WHO AM I?
Hi, my name is Loh Teck Yong, a security guard who’s trying to make it as a professional writer.
Here’s a brief summary of my work history.
I received my first assignment as a security guard way back in 1999, and continued to work in the industry over the next few years. Between 2003 and 2009, I took a long break from security work but finally succumbed to financial pressure some time during the latter half of 2009, and once again mired myself in the industry. I have been working as a security guard (on an on-and-off basis) ever since.
WHAT IS GUARDS GONE WILD!?
A few years ago, I realised that it would be a shame if those stories about my adventures in the private security industry were left to rot by the wayside of memory lane. So I started writing and those collected anecdotes became Guards Gone Wild!.
I sent the completed manuscript to 4 publishers based in Singapore on the 21st December, 2015. As of today, I have been rejected by all 4 of them. Well, exposing the dirty and underhanded going-ons in the private security industry is not exactly a profitable (or healthy) endeavour, so I can understand why the established publishers turned away from me.
And because Singapore has a very small literary market with very few publishers, I shall not waste any more time trying to get published the usual way.
If I want to get my stories out there, I have to do it myself. Through self-publication.
WHY HELP ME?
But self-publication without the support of an established publisher is going to be a difficult and costly endeavour. A noob writer going down this road will have to do and pay for everything himself. Looking for a book cover designer. Paying the book cover designer. Looking for a layout artist. Paying the layout artist. Looking for a copy editor. Paying the copy editor. And so on and so forth. That’s why I need your help to fulfil my dream of becoming a published writer.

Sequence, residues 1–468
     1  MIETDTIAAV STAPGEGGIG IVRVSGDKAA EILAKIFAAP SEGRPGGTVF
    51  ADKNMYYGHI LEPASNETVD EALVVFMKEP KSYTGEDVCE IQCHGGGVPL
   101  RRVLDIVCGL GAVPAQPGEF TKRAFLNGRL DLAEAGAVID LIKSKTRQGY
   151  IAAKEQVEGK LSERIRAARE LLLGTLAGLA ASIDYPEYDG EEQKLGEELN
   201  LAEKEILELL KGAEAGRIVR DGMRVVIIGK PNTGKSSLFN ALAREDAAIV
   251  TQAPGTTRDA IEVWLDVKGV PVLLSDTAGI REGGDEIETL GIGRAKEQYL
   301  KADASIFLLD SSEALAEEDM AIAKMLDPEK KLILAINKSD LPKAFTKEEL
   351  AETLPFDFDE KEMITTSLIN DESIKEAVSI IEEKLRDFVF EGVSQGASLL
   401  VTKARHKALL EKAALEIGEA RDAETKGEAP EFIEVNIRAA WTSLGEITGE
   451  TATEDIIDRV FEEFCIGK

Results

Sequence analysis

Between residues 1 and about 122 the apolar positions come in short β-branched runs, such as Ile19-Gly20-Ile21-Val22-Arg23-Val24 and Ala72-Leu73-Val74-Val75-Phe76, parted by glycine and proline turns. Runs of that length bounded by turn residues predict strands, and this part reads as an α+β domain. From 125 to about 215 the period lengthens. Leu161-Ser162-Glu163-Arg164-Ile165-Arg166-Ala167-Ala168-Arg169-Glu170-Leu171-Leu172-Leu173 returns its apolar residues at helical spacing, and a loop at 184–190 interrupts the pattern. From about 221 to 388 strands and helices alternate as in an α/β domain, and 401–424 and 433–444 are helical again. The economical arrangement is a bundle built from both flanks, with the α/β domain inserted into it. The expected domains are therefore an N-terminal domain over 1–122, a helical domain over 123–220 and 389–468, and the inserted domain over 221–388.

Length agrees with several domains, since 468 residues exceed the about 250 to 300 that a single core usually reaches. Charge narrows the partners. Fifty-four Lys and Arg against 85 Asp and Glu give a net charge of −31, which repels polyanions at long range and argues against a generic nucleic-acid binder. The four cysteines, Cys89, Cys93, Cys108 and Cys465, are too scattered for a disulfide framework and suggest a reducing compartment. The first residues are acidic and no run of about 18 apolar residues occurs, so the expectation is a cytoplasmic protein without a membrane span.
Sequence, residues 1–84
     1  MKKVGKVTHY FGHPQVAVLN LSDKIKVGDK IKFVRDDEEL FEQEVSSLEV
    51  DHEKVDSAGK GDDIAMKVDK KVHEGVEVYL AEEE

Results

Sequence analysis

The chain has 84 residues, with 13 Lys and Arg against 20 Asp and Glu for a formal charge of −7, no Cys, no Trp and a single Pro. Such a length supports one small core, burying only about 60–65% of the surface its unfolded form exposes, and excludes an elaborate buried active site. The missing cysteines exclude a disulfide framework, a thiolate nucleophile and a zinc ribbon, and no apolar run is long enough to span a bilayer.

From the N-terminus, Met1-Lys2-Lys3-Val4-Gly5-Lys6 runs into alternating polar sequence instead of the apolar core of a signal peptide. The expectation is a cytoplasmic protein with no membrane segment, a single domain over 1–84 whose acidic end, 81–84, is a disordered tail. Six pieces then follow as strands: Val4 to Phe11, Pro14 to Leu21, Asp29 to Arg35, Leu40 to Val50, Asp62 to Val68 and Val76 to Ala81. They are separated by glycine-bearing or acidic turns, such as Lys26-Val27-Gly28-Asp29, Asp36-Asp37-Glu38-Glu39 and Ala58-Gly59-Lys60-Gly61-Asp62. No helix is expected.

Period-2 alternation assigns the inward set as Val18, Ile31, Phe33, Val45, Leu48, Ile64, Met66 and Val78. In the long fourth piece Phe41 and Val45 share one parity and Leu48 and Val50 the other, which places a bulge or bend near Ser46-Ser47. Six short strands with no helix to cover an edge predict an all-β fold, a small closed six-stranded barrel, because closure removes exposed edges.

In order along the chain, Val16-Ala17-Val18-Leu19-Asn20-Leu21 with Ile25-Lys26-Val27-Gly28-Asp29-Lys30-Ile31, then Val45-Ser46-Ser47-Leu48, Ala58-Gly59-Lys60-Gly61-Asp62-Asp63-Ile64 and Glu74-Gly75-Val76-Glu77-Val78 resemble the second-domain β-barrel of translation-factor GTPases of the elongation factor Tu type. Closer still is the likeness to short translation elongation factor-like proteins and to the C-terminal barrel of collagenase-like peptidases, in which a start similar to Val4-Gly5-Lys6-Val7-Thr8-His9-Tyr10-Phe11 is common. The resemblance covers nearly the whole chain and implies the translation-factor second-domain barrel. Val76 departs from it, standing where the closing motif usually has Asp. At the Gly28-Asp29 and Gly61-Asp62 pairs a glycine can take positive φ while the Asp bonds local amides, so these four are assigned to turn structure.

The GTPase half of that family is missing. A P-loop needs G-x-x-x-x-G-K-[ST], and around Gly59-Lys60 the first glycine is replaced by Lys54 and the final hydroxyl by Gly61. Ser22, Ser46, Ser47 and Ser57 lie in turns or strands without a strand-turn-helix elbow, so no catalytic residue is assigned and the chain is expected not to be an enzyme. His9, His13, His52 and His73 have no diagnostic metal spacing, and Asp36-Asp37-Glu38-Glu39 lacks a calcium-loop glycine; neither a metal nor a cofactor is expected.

Right now, as far as I know, there isn’t any security guard in Singapore who has published a work memoir so, if I succeed with your help, I will become the first security guard writer in Singapore! Help me make literary history!
And help yourself too.
Because in my book, I detailed accounts of various scams perpetrated by security agencies and their guards. The WYSIWYG, Merry-Go-Round and 24-hour Marathon. What are they and how do they affect YOU, the recipient of their service? Also included are stories of bullying and abuses that goes on behind the professional facade of the industry. If you live in a condominium that employs private security, or if your job requires you to interact with security guards on a regular basis, then this book will be a helpful addition to your library
To make a donation or find out more about my crowdfunding campaign, please head over to my crowdfunding page at Pozible: